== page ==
Our first tip is to stretch daily to help with flexibility and range of motion. If you can set a side time in the morning to do this that would be best for your body. This tends to help reduce joint stiffness throughout the day. A good stretching routine would be: warm up by walking in place for a couple of minutes, then do stretches that involve your knees, elbows, and hands in a slow movement and hold these stretches for 10-20 sec, then repeat each stretch. If you find yourself not maintaining proper form, use a yoga strap.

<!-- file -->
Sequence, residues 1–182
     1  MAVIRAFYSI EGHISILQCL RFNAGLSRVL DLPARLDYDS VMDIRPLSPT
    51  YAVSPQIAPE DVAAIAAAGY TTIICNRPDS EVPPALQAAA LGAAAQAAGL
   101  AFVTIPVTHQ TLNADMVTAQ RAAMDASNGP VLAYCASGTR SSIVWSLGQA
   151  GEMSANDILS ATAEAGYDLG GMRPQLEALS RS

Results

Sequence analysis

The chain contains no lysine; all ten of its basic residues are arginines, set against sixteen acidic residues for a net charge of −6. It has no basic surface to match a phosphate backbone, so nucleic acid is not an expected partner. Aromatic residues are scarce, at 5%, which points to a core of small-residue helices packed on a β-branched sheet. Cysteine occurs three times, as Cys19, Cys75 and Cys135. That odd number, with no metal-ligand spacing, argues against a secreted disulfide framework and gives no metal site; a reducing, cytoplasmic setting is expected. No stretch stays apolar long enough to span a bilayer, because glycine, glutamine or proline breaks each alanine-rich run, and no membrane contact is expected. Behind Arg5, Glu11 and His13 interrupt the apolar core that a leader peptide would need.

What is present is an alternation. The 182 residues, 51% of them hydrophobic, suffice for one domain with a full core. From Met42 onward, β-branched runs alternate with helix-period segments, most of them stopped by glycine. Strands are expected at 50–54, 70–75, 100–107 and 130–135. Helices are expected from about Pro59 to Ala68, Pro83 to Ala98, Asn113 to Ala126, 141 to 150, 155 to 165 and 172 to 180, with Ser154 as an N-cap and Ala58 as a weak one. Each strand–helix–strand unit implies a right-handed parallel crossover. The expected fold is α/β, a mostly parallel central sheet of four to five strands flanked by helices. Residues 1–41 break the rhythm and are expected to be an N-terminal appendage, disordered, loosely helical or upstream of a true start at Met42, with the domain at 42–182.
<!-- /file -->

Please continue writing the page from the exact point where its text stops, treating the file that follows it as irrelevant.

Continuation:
During a flare you may not have tons of energy, so after stretching try going on a 10-15 min walk. This often times helps put you in a better mood and helps your heart and joints. Start off slow and overtime feel free to increase your pace and distance. If you still want to exercise for 30 min during a flare, try splitting it up into three sessions so you aren’t pushing yourself too hard.


Another exercise that is highly recommended is cycling, due to the fact that RA patients are at risk of cardiovascular disease. Riding a stationary bike is a great way to get your heart rate up and increase leg strength and reduce stiffness. This can also build your endurance so on your good days you can get longer workouts in!

Strength Training